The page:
- dizziness, nervousness, sleep problems (insomnia);
- nausea, vomiting, constipation; or
- headache, joint pain.
This is not a complete list of side effects and others may occur. Call your doctor for medical advice about side effects. You may report side effects to FDA at 1-800-FDA-1088.
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Drugs that can increase phenytoin levels in your blood include:
- stomach acid reducers such as cimetidine (Tagamet), ranitidine (Zantac), famotidine (Pepcid), or nizatidine (Axid);
- certain sedatives (such as Librium or Valium) or antidepressants (such as Prozac);
- estrogen hormone replacement;
- chlorpromazine (Thorazine), prochlorperazine (Compazine), thioridazine (Mellaril) and other phenothiazines;
- disulfiram (Antabuse);
- methylphenidate (Ritalin, Concerta, Daytrana); and
- sulfa drugs such as Septra or Bactrim.
Drugs that can make phenytoin less effective in controlling seizures include carbamazepine (Tegretol, Epitol, Carbatrol), sucralfate (Carafate), and molindone (Moban).
Other drugs that can interact with phenytoin include:
- phenobarbital (Luminal, Solfoton), valproic acid (Depakene) or divalproex sodium (Depakote);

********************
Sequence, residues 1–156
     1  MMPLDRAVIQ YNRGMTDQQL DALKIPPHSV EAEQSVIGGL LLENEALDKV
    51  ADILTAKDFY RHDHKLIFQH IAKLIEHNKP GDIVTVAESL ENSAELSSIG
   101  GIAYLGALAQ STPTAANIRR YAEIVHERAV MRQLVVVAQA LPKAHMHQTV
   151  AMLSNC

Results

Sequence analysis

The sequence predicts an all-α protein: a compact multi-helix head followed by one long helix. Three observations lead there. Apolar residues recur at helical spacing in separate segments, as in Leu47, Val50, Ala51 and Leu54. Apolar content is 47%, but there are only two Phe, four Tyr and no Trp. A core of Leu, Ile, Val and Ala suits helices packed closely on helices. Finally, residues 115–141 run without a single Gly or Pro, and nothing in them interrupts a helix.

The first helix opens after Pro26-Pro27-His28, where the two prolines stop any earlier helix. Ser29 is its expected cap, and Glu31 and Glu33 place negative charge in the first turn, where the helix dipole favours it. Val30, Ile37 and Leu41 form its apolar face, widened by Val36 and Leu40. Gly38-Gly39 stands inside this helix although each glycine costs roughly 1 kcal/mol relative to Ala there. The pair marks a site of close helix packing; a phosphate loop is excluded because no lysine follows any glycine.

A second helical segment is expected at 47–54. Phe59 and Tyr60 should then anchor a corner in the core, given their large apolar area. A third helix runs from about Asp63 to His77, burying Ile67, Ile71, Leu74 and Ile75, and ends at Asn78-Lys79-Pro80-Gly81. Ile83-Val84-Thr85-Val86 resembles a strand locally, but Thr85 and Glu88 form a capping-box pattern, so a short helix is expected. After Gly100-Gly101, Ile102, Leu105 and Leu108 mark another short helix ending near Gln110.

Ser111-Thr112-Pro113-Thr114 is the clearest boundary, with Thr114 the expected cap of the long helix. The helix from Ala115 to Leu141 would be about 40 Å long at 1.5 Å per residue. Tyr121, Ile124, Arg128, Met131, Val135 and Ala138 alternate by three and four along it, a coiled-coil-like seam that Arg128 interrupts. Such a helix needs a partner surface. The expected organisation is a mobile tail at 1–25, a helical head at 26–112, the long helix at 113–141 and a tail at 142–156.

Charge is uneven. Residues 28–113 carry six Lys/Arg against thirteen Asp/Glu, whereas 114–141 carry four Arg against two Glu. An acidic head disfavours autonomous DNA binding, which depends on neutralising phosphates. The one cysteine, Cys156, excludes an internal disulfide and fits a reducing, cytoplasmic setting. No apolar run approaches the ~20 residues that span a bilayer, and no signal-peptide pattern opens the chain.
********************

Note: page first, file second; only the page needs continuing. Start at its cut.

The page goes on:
- steroid medicines (prednisone and others);
- antidepressants such as amitriptyline (Elavil), clomipramine (Anafranil), imipramine (Janimine, Tofranil), paroxetine (Paxil), and others;
- antibiotics such as rifampin (Rimactane, Rifadin, Rifamate) or doxycycline (Doryx, Vibramycin, Adoxa, and others);
- digitoxin (digitalis, Lanoxin), furosemide (Lasix); and
- theophylline (Elixophyllin, Theo-Dur, Theo-Bid, Theolair, Uniphyl).
This list is not complete and there are many other medicines that can interact with phenytoin. Tell your doctor about all the prescription and over-the-counter medications you use. This includes vitamins, minerals, herbal products, and drugs prescribed by other doctors. Do not start using a new medication without telling your doctor. Keep a list with you of all the medicines you use and show this list to any doctor or other healthcare provider who treats you.
Di-Phen, Dilantin, Dilantin Infatabs, Dilantin Kapseals, Dilantin-125, Phenytek, Phenytoin Sodium, Prompt, and phenytoin